“From so simple a beginning endless forms most beautiful and most wonderful have been, and are being evolved.” – Ending words of the Origin of Species.
Charles Darwin–my favorite great naturalist who has shaped the view of the natural word through his awe inspiring book The Origin of Species–has described himself as a ‘very naughty boy’ during his young days in his autobiography, released after his death. He had a big family, with six brothers and sisters and was stuck in the middle of it, being the fourth child in the family. Darwin’s hobby involved collecting things and getting into them, which frustrates his father and his older sisters who were in charge of looking after him.
Childhood aside, he described the path of his career to be very confusing. His father wanted him to continue the family business and become a physician. He obeyed, describing that the practice was extremely boring. He found it dull. Later he mentioned that becoming a physician was completely useless for his future as a naturalist. After two years in Edinburgh university, he stopped the physician degree under the agreement of his father. He them was set on the path to be a clergymen, which he dropped soon after.
Remember the short story collection review I did a long time ago: The Bus Driver who Wanted to be God, by Etgar Keret. He is also the author of the book I’m going to review next. It’s a collection of his own life stories with an ironic end to it. He talked about everything. From love, to the bible and to his childhood twisted fantasies; from musings on aging, airlines, the writing life, and to humanities general oddness. I never get tired of rereading the story over and over again in my spare time.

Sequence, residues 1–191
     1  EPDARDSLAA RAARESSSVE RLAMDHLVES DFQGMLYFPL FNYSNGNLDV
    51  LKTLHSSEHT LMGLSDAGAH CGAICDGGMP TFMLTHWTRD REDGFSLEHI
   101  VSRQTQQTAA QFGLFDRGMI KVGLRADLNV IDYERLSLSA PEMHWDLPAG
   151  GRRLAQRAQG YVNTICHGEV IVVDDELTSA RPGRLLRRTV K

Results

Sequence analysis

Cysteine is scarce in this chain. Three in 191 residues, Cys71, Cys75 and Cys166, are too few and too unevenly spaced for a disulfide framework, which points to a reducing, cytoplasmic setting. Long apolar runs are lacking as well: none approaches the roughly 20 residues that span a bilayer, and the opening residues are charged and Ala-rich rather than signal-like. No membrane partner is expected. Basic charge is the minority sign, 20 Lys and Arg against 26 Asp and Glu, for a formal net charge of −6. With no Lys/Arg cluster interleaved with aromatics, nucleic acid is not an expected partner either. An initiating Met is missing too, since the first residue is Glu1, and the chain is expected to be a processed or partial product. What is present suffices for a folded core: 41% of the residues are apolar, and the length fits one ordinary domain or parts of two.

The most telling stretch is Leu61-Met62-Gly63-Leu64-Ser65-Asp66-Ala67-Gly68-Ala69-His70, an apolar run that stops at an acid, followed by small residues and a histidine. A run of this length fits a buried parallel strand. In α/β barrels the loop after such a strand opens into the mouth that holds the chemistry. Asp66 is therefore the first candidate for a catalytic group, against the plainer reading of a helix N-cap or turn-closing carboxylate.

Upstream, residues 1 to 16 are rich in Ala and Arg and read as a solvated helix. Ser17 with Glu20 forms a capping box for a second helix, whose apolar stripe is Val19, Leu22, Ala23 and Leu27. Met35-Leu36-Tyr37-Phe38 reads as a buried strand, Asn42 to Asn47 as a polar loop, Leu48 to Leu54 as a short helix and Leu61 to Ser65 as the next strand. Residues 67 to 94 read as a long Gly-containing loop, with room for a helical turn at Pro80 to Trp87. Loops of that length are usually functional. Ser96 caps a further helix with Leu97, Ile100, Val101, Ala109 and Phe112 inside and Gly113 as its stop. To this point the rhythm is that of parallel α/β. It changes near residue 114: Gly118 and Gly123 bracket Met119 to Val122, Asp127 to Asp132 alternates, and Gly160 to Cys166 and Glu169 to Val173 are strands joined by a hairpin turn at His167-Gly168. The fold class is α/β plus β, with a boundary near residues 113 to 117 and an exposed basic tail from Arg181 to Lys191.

The Seven Good Years is a an autobiography written over a coarse of seven year. Everything is just Keret’s short thought, his quick mind at the moment which he recorded. In a certain sense, it would more accurately be described as a series of very short essays.The story started at the time when his son was born, which was happened at the hospital, a little bit after bombing attack. Keret was mistaken as a bomb victim by an apparently very pesky journalist who was kicked out of the hospital at least three times. As his son was born, he wrote his fears about how his son could grow up in the future: a self hating Jew or a drug dealer? I wonder what his son would say when he reads his dad’s memoir when he grows older. I think it’s something along this line: ‘Dad! What exactly were you thinking when you wrote this?’